River Offerings

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Today while walking along Red Willow River and listening to the rush of wild waters racing over rounded stone, I felt suddenly compelled to make the river an offering. This felt a bit strange because just last night I had celebrated the full moon and the rising river water by writing and reenacting a simple ritual as I do each month as part of my own practice.

 

Returning to the house I removed the two small branches of blooming peach blossoms from an old bottle and returned to the river’s edge to complete my task.

 

When I cast the flowers into the churning grey green water it felt just right. In that next instant I had an insight: Whenever I locate myself in a mythological context the powers of the ancient goddesses and gods live through me. Something was coming through.

 

I hadn’t been thinking about anything, certainly nothing mythological, but I do have a strong academic background in this discipline, so immediately I wondered who it was I might be relating to. Vaguely, I recalled the rising Egyptian Nile…

 

When I looked up the Egyptian river goddess I discovered that her name was Anuket, which means “to embrace.” These two words described perfectly the satisfying experience I was living as I witnessed the water rise over the once expansive beach.

 

When the Nile flooded in the spring the Festival of Anuket began. Anuket was believed to be a goddess who nourished the fields with her rising waters in preparation for spring planting. She also protected both the river and its source. During this ceremony people made offerings – precious gold and other gifts – to the river out of gratitude for the life bringing water.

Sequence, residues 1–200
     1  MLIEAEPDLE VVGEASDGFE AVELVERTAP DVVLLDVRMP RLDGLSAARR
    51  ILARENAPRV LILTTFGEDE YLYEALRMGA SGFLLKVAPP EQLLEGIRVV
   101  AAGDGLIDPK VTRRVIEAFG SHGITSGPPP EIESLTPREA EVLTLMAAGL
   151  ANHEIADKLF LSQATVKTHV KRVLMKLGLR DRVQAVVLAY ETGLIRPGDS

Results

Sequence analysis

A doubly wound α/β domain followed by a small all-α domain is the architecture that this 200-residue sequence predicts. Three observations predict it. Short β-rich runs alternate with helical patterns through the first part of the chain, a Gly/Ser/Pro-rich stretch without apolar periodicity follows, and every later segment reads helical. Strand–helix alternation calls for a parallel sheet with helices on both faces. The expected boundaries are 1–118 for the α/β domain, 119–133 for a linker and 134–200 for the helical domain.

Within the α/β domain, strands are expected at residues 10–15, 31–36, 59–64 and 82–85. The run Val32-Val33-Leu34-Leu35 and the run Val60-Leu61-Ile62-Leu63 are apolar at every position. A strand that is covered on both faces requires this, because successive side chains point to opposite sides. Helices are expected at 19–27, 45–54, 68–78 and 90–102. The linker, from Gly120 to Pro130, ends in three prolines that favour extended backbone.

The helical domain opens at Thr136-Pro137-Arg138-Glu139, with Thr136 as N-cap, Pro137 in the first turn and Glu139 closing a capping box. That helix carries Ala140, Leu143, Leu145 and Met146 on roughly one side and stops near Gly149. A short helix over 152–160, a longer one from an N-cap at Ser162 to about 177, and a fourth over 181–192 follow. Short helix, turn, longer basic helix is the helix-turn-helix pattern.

The taboo against eating certain fish was also lifted at this time suggesting that Anuket had a fish form that was also eaten as part of the spring festival. She was also linked to the great cobra, a goddess/god associated with water and Hathor, Great Goddess of the Moon.

 

It is intriguing to note that in Egyptian mythology religious beliefs were not predicated on theological principles. The focus was always on the relationship between the people and their many deities all of which represented some aspect of Nature, and the intersection between the two.

 

I was struck by the confluence of so many diverse religious beliefs. Here in Northern New Mexico Avanyu is the Spirit of the Waters and Pueblos peoples have a dance that is done in his honor during the spring months. His petroglyphs and pictographs line our canyon walls. Today is also Easter Sunday in Christian traditions, and oddly it is also April Fool’s Day!

 

“Let us be chroniclers of loss.” One woman’s words also soared through my mind like the red tail hawk that sliced the air in two as he flew overhead (Horus?) as I remembered that in Abiquiu, the rising of the river is no longer a natural occurrence but is instead a result of opening of the dam. Nature has become a “resource” to be used by humans and then discarded. I next experienced a moment of searing grief as the present overshadowed the past.

 

Still, it is my earnest hope that the River Goddess and Avanyu will both be pleased by my humble offering of pale peach blossoms because I too honor the spirit of the rising waters as I participate in both ancient and extant traditions by allowing myself to become a receiver by opening to what is.

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